William Wooldridge had at least two wives; the name of the first, whom he probably married in the late 1730s, is not known. His second wife, whom he seems to have married about 1750 in Chesterfield County, was Sarah Flournoy, of the noted French Huguenot family of that name. He continued to live on land adjoining his father and brothers in Chesterfield after it was cut from Henrico, and was one of the fairly propsperous planters in that area, owning several hundred acres and some slaves. He appears on the 1756 Chesterfield County tithable list, charged with tax for himself, son William and slaves Frank and James. His oldest son Richard was at that time living with John Wooldridge, Sr., William's father.
After the year 1770, William and Sarah Wooldridge's family, then William and Sarah, decided to move South. While the reason for this move is not clear as none of the rest of the Wooldridges left Virginia at this time. In fact, William was the only one in the second generation to leave the immediate Chesterfield vicinity; some of the Flournoys did, and perhaps Sarah wanted to go with her brothers to the new territory. Beginning in 1771, they began to show up in the records of Surry County, in western North Carolina, though in 1777, William, Thomas and Edward are tithables in one household in Chesterfield and as late as 1778 he is called "of Chesterfield" when selling off his remaining land there. William, or his son William, shows in the Surry County deeds as buying and selling land; in 1777 he is on the venire from which the Grand Jury for Salisbury District is chosen, and in 1778 Captain of militia in his district. He remained in that capacity until the early 1780s, when he decided to move further south. His service in the Surry County militia is considered service in the Revolutionary War. There was plenty for the militia to do because of the Tory element in western North Carolina. John Hudspeth, brother of William's daughter-in-law, Lucy Hudspeth, was killed while serving as a tax collector in Surry.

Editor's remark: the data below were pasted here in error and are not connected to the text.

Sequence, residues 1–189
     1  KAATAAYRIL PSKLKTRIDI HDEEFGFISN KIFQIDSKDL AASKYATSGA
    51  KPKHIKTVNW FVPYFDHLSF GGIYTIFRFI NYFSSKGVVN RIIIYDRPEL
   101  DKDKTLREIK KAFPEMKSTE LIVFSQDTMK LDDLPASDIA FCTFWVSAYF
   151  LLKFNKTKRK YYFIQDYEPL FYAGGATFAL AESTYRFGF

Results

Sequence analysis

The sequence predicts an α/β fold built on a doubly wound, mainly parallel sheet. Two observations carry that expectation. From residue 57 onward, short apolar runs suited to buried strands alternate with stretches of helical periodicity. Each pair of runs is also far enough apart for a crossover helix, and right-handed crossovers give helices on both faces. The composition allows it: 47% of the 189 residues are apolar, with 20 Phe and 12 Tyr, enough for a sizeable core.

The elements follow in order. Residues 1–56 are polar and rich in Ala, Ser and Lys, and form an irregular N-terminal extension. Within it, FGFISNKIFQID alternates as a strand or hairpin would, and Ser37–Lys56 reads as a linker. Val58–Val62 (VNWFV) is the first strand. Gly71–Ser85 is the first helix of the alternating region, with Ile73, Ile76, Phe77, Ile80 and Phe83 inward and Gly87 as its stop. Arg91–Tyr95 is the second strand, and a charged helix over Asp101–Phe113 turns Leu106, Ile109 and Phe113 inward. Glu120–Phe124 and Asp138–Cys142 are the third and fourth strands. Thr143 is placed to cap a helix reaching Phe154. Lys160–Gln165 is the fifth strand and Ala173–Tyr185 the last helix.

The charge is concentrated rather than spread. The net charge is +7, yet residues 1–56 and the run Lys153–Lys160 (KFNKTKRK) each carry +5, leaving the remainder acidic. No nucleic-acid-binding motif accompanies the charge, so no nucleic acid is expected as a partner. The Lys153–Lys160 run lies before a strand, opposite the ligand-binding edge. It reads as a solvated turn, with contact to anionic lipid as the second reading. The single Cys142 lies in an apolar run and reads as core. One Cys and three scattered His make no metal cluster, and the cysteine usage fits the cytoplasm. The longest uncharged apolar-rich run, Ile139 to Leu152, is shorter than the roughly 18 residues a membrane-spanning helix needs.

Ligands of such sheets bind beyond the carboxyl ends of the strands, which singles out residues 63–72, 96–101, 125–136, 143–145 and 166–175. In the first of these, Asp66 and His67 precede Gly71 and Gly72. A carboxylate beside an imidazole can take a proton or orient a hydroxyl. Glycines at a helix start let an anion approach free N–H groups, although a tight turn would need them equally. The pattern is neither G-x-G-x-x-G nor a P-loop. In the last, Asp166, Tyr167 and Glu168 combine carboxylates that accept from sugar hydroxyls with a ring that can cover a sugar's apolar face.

By the early 1780s, William Wooldridge and part of his family moved on south to Elbert County, Georgia, where he again purchased land and became one of the prominent planters of the county. His land lay on Beaver Dam Creek, and his sons, Gibson and Thomas, owned land that adjoined him for part of the time. He lived in Elbert County for the remainder of his life, signing his will there on December 6, 1797, as a man in his eighties; it names his five sons, two daughters, and wife Sarah, and divides his estate among them, including 24 slaves, two of whom, Phoebe (who was to be manumitted on Sarah's death) and Kate (or their namesakes) had been in the family for 35 years. Sarah Wooldridge signed her will on February 24, 1804, and it was recorded on May 27, 1806. Sarah's will names her three sons and one daughter, as well as the children of a deceased daughter.
Notes for Sarah Flournoy:|